04152018, 05:49 PM
Post: #7




RE: (11C) Solve for [i] given [n] [PMT] [FV]
(04142018 06:59 PM)Dieter Wrote: Why don't you simply take the usual approach with one single TVM equation which includes both PV and FV so that the interest rate can be calculated the same way for either case. I now have tried such a progam. Caveat: this is experimental code with some room for improvement. But it seems to work. Code: 001 LBL A Feel free to insert a PSE after line 078 or 080. You may also include a loop counter that cancels the iteration after, say, 12 loops.  This program uses the wellknown sign convention. So for your above examples enter PMT with negative sign.  GSB 0 initializes the program and clears the relevant registers.  [A] stores n  [B] calculates i  [C] stores PMT  [D] stores PV  [E] stores FV Initialize with GSB 0 first. Enter n, PMT, PV and FV with the respective keys in any order. Press [B] to solve for i. The initial guess for i is calculated this way: Code: PV + n*PMT + FV Now try it and see what you get. Dieter 

04162018, 01:41 PM
(This post was last modified: 04162018 01:42 PM by Gamo.)
Post: #8




RE: (11C) Solve for [i] given [n] [PMT] [FV]
I did put the program to try on HP11C and result is very good with the example from my previous post.
36 > A > 36 ( input [n] ) 360 > C > 360 ( input [PMT] ) 360000 > E > 360000 ( input *[FV] ) B > 14.94 ( Answer [i] ) 36 > A > 36 ( input [n] ) 360 > C > 360 ( input [PMT] ) 1000 > D > 1000 ( input *[PV] ) B > 36 ( Answer [i] ) [n] [PV] [FV] solve for [i] GSB > 0 36 > A [n] 1 > D [PV] 2 > E [FV] B > 1.94 (Answer [i]) Gamo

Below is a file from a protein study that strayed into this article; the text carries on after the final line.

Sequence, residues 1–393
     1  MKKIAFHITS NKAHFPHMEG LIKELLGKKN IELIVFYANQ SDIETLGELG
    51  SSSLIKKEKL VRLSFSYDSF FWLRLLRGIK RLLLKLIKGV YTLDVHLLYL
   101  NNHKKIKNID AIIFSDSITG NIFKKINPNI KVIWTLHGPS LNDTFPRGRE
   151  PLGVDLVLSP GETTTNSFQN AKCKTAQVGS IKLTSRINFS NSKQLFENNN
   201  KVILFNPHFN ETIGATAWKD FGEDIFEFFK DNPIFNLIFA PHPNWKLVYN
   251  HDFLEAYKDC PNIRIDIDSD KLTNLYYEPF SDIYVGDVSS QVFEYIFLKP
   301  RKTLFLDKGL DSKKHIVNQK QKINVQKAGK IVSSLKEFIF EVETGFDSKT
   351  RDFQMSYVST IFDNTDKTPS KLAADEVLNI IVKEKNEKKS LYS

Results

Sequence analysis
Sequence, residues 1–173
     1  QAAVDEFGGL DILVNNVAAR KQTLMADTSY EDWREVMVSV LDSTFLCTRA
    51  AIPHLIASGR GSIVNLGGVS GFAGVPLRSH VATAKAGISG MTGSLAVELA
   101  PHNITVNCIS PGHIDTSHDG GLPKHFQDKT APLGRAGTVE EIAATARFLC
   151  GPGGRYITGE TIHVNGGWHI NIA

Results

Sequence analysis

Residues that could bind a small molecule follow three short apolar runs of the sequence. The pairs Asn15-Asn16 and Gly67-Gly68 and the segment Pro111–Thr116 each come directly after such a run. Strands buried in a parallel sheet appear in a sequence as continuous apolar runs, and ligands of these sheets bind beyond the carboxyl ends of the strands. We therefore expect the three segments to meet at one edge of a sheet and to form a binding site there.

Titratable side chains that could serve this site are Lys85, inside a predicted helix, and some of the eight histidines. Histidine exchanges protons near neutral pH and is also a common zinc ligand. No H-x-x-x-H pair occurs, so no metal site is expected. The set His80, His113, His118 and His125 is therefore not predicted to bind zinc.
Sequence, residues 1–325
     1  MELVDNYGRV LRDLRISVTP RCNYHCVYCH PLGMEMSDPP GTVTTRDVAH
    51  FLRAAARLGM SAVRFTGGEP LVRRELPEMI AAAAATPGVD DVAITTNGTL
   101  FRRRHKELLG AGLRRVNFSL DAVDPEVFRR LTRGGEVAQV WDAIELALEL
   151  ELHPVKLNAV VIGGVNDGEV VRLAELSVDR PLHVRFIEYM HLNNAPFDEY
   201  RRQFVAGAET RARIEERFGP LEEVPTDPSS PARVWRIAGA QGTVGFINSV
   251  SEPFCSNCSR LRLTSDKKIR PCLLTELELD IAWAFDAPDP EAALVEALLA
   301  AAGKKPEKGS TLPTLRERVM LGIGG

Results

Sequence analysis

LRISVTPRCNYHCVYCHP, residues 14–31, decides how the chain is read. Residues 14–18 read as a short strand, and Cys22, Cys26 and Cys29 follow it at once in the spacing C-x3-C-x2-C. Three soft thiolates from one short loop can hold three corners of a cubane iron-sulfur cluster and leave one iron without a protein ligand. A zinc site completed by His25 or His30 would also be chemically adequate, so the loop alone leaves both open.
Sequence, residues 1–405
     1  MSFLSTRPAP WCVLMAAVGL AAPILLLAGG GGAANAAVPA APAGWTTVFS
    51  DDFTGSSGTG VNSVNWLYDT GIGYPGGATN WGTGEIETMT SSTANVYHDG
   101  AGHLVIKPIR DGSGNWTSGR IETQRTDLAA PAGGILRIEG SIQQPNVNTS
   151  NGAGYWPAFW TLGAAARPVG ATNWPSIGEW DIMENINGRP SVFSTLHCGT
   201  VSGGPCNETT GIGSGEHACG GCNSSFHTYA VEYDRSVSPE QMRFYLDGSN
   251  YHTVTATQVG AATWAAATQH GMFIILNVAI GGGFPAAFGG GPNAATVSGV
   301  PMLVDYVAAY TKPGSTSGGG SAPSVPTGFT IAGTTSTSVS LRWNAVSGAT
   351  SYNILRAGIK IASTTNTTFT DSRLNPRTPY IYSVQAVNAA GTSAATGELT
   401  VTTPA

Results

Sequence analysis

04162018, 06:24 PM
(This post was last modified: 04162018 06:58 PM by Dieter.)
Post: #9




RE: (11C) Solve for [i] given [n] [PMT] [FV]
(04162018 01:41 PM)Gamo Wrote: [n] [PV] [FV] solve for [i] The program also seems to handle simple compound interest (PMT=0) quite well. But here a direct solution exists, and this should be returned by the program. Just change the lines after LBL B this way: Code: LBL B So goto line 20 of the original program ("+"), delete all lines until you see LBL B and insert the lines above. Another suggestion: when the program calculates (1+i) and (1+i)^n usually two or more digits are lost. Imagine i=1E–10 so that 1+i rounds to 1 which leads to the same result as if i was zero. That's why checking the relative error in line 78...80 does not always make sense, it can even cause problems as the program may not reach the desired relative accuracy (cf. example 2 in this post in the current TVM thread). So please replace the sequence STO–2 RCL 2 / with a simple STO–2, i.e. remove the two lines with the division by R2. Here is an example for the mentioned problem which shows that it can occur even with completely "normal" data like i=12% and n=20. The exact result for (1+i)^n is 9,646293093. Buf if i is merely 1E–9 off, i.e. 1+i=1,120000001 instead of 1,12, the power is evaluated as 9,646293266 – only 7 out of 10 digits are exact. Dieter